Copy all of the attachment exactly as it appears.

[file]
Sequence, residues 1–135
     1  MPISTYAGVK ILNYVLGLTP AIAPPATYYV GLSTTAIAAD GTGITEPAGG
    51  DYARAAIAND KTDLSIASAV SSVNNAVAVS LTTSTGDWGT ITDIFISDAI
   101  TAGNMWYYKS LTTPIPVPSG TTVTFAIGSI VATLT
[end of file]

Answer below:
Sequence, residues 1–135
     1  MPISTYAGVK ILNYVLGLTP AIAPPATYYV GLSTTAIAAD GTGITEPAGG
    51  DYARAAIAND KTDLSIASAV SSVNNAVAVS LTTSTGDWGT ITDIFISDAI
   101  TAGNMWYYKS LTTPIPVPSG TTVTFAIGSI VATLT